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Re: F = 20z^2 - n and (5r^2 -F)/n

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  • djbroadhurst
    ... Kevin sent me a correct answer, in decimal format. But for that he needed 454 characters. The solution can be written in less than 20 characters, using a
    Message 1 of 7 , Mar 2, 2010
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      --- In primenumbers@yahoogroups.com,
      "djbroadhurst" <d.broadhurst@...> wrote:

      > Puzzle: (p^2 + 11)/20 is a square for the primes
      > p = 3, 13, 67, 4253, 21587, 6950947 ...
      > Find the 17th prime in this sequence.

      Kevin sent me a correct answer, in decimal format. But for
      that he needed 454 characters. The solution can be written
      in less than 20 characters, using a form that OpenPFGW
      readily understands. So the puzzle is still open, for a
      compact answer.

      Meanwhile, congratulations to Kevin, for a valid result

      David
    • djbroadhurst
      ... Kevin has now found a reasonably compact answer as a linear combination of 3 Fibonacci numbers. In fact the answer can be written in terms of only 2:
      Message 2 of 7 , Mar 3, 2010
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        --- In primenumbers@yahoogroups.com,
        "djbroadhurst" <d.broadhurst@...> wrote:

        > Puzzle: (p^2 + 11)/20 is a square for the primes
        > p = 3, 13, 67, 4253, 21587, 6950947 ...
        > Find the 17th prime in this sequence.

        Kevin has now found a reasonably compact answer
        as a linear combination of 3 Fibonacci numbers.
        In fact the answer can be written in terms of only 2:

        Solution [in 19 characters]:

        F(2166)/2+3*F(2168)

        Proof [by exhaustion, with primality proving]:

        P(n,s) = fibonacci(6*n)/2 + 3*fibonacci(6*n+2*s);
        {c=0;for(n=0,361,forstep(s=-1,1,2,p=P(n,s);
        if(issquare((p^2+11)/20)&&isprime(p),c++;
        print1(s*n" "))));print([c]);}

        0 -1 1 -3 3 5 -11 15 -45 -47 -65 75 105 253 -303 -359 361 [17]

        Comments: Dario Alpern's http://www.alpertron.com.ar/QUAD.HTM
        may be used to prove that my Fibonacci method is exhaustive.
        A probable continuation of the sequence of primes is as follows:

        F(3966)/2+3*F(3964), 829
        F(5334)/2+3*F(5336), 1116
        F(8682)/2+3*F(8684), 1816
        F(15066)/2+3*F(15068), 3150
        F(15438)/2+3*F(15436), 3227
        F(41166)/2+3*F(41168), 8604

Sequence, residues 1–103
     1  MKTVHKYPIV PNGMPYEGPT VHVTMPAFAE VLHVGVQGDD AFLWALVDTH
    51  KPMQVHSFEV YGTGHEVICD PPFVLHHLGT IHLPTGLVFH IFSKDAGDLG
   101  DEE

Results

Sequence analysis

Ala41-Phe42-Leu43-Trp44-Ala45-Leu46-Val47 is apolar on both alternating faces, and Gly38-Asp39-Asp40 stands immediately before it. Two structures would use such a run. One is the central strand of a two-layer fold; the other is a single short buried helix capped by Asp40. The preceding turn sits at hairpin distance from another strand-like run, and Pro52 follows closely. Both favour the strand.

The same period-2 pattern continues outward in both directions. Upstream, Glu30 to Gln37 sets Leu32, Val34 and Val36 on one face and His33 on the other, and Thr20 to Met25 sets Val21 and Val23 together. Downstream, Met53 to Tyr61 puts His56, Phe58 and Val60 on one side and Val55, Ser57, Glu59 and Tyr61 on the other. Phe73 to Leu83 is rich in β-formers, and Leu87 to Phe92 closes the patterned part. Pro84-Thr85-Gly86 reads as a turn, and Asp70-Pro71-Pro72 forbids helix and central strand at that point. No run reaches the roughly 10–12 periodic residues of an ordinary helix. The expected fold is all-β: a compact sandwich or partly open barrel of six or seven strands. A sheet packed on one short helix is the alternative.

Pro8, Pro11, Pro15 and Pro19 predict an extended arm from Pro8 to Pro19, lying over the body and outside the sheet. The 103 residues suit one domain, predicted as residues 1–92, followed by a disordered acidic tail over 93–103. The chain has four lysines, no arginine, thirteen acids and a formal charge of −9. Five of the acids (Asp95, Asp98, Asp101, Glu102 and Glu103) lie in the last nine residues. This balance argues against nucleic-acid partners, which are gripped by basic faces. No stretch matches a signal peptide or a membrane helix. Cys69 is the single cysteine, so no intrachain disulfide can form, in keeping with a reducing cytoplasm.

F(50874)/2+3*F(50876), 10633
        F(114702)/2+3*F(114704), 23972
        F(117978)/2+3*F(117980), 24657

        with the number of digits of each PRP given, after the comma.
        The last 3 have been consigned to Henri's repository of PRPs.

        David
      • Kevin Acres
        ... My solution, in 29 characters, is: 3/2*F(2169)+5*F(2164)+F(2161) David s sequence, including the non-prime values, starting with the 13,67 pair can be
        Message 3 of 7 , Mar 4, 2010
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          At 03:15 PM 4/03/2010, djbroadhurst wrote:

          > > Puzzle: (p^2 + 11)/20 is a square for the primes
          > > p = 3, 13, 67, 4253, 21587, 6950947 ...
          > > Find the 17th prime in this sequence.
          >
          >Kevin has now found a reasonably compact answer
          >as a linear combination of 3 Fibonacci numbers.
          >In fact the answer can be written in terms of only 2:
          >
          >Solution [in 19 characters]:
          >
          >F(2166)/2+3*F(2168)

          My solution, in 29 characters, is:

          3/2*F(2169)+5*F(2164)+F(2161)

          David's sequence, including the non-prime values, starting with the
          13,67 pair can be reproduced by the following:

          Let f1=F(12*n+9), f2=F(12*n+4), f3=F(12*n+1), a=f1+2*f2 and o=1/2*f1+3*f2+f3

          Then the lower of each pair is a-o and the higher is a+o or:

          1/2*f1-f2-f3 and 3/2*f1+5*f2+f3

          In the case of the p454 just substitute n for 180 in the above assignments.

          The pari/gp script to generate the sequence follows:

          for(i=0,10,
          f1=fibonacci(12*i+9);
          f2=fibonacci(12*i+4);
          f3=fibonacci(12*i+1);
          o=1/2*f1+3*f2+f3;
          a=f1+2*f2;
          print([a-o,a+o]);
          );

          I strayed a little from the puzzle by solving for 180z^2-p^2-11
          before trying to re-create the sequence from 13/67 onwards.

          Once again, Dario's page at: http://www.alpertron.com.ar/QUAD.HTM was
          of great help.


          Kevin.
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